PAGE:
Guest post by Kirsten Spiteri
Scrolling the posts of my favourite photographers on Instagram a couple of days ago, I came across a plethora of different artists, upset because their work was being blocked. Turns out that most of these profiles include nude photographs with female nipples. While they’re all very aesthetic, Instagram has a very strict policy when it comes to nudity. So some of these artists were literally sending the platform’s developers to hell, claiming that their art shouldn’t be banned because they were displaying the beauty of women’s bodies – which happen to include some nipples (while some others resort to emoji to continue displaying their art).
Why are women’s nipples, specifically, such a taboo? Why are people so shocked by women’s nipples? Why do they have so much power?
Men have them. Women have them. We demand equality and want to be treated equally, yet women are still vilified for ‘indecent exposure’ when showing something that both parties naturally have. Why only women? It’s as if the public is simply too delicate to handle seeing female nipples. Where do you draw the line at ‘indecent’? They are, after all, a normal part of all women regardless of race, ethnicity or religion.
I’m trying my best to understand why society looks upon women’s nipples that way. I understand the whole religious morality issue – even though, as an Atheist, I don’t agree with it. “Women were taught since early childhood that displaying their nipples openly is offensive, slutty, and down-right against societal mores. This belief system dates back thousands of years,” writes the blogger of Sassy Townhouse Living.
“We are constantly seeing nip-slips primarily from celebrities whom I believe, do this on purpose. I’m not saying I’m going to run around topless – I want to understand why women have a different set of rules. I can’t seem to wrap my head around the fact that it’s ok for men, and not for women,” the blogger continued. Why can’t women show their nipples, but Putin can? There’s a double standard and it’s time to change that.
In many countries topless sunbathing is accepted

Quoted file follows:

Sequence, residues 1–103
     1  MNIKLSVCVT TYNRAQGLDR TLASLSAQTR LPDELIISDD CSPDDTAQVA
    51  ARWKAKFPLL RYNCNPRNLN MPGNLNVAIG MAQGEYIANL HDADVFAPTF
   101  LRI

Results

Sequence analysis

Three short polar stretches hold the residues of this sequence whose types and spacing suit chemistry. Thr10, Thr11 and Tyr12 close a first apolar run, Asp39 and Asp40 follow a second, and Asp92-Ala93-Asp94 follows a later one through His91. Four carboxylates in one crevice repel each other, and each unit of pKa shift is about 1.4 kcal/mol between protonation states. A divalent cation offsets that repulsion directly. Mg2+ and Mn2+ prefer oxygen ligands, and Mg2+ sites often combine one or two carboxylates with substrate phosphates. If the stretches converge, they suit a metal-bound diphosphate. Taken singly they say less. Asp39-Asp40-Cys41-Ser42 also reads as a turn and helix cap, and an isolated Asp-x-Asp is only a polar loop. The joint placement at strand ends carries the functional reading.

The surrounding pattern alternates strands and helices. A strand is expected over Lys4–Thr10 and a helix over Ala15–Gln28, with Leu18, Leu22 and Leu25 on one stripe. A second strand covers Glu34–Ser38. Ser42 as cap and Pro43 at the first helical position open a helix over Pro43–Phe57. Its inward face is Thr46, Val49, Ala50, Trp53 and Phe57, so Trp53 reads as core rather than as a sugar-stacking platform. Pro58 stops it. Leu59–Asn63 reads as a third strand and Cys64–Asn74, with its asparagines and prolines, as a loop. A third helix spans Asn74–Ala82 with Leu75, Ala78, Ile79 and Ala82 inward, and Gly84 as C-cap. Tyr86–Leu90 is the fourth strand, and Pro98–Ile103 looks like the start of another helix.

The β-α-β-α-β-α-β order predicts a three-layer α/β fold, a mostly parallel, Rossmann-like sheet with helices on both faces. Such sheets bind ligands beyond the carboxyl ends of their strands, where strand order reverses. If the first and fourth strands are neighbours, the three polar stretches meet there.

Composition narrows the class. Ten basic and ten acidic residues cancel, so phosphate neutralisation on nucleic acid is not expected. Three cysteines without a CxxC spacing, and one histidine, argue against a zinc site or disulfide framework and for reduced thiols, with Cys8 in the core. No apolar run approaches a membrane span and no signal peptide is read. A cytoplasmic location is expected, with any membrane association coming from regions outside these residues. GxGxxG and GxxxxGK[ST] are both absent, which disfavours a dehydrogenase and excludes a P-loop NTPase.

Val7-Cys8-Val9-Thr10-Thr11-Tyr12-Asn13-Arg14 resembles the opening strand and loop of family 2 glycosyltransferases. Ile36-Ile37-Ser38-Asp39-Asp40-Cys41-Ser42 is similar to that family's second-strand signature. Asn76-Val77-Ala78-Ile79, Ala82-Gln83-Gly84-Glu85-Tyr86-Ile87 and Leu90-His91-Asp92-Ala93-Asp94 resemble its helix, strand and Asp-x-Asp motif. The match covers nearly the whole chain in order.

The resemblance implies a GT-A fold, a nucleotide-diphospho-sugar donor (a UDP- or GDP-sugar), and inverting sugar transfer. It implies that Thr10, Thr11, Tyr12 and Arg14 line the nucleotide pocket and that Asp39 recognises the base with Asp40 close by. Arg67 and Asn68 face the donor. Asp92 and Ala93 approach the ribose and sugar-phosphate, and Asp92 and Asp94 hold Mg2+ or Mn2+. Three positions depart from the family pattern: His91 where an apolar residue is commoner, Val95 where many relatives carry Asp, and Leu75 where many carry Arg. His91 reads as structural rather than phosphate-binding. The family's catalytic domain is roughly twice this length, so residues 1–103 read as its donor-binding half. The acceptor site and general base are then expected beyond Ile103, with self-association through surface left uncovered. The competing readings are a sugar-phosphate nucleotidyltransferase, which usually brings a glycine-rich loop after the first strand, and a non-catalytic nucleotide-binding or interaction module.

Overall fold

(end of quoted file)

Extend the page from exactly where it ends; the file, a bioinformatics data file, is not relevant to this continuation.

Although we have become a more tolerant society, at its core, men (and women) still view women who display their nipples as sluts, or somehow starving for attention. There are also these signs in bays like Sliema and Għadira with ‘’No Topless Bathing’’ written on them. I go to these bays in summer, and whenever there is a topless woman sunbathing, I have to hear these comments like, X’għarukaża and Missha tistħi. Sometimes even stronger ones like qaħba [whore]!
“What really boggles my mind is how men’s nipples are perfectly acceptable to display openly and yet women’s nipples are not. It is also acceptable to display women’s breasts as long as the nipple area is covered. Now, who the heck implemented these standards? They can display the under-boob and the cleavage, but God forbid that nipple area shows!” Sassy Townhouse Living blogger wrote. And what about those ‘micro’ bikinis which pretty much show off the whole boob, and just cover the nipple?
Female nipples have been neatly wiped from mainstream media. Even today – in 2018 — we’re still censoring women’s anatomy. In 2015, Instagram came clean about its policy of banning female nipples, by blaming someone else. That someone else is Apple. Instagram CEO explained that Apple’s App Store, which houses Instagram, has strict policies when it comes to inappropriate content, and if Instagram goes against these rules, the app runs the risk of being banned from the store.
I have a hard time understanding the message we’re sending when we delete such a beautiful part of a woman’s body. Nipples are harmless, but deliberately removing them from existence makes us think otherwise.
What I am arguing for is a woman’s right to choose how she represents her body — and to make that choice based on personal desire, and not a fear of how people will react to her or how the society will judge her. This is not simply about nipples. It’s about equality. It’s about having that choice.
Kirsten Spiteri is a Maltese science-fiction / fantasy writer for young adult audience. He is the winner of the Young-Adult Category of the 2017 London Book Festival with his first book, The Wave. He also received Honorable Mentions in other prestigious cities like Amsterdam, Paris, New York, Los Angeles and San Francisco. See his blog.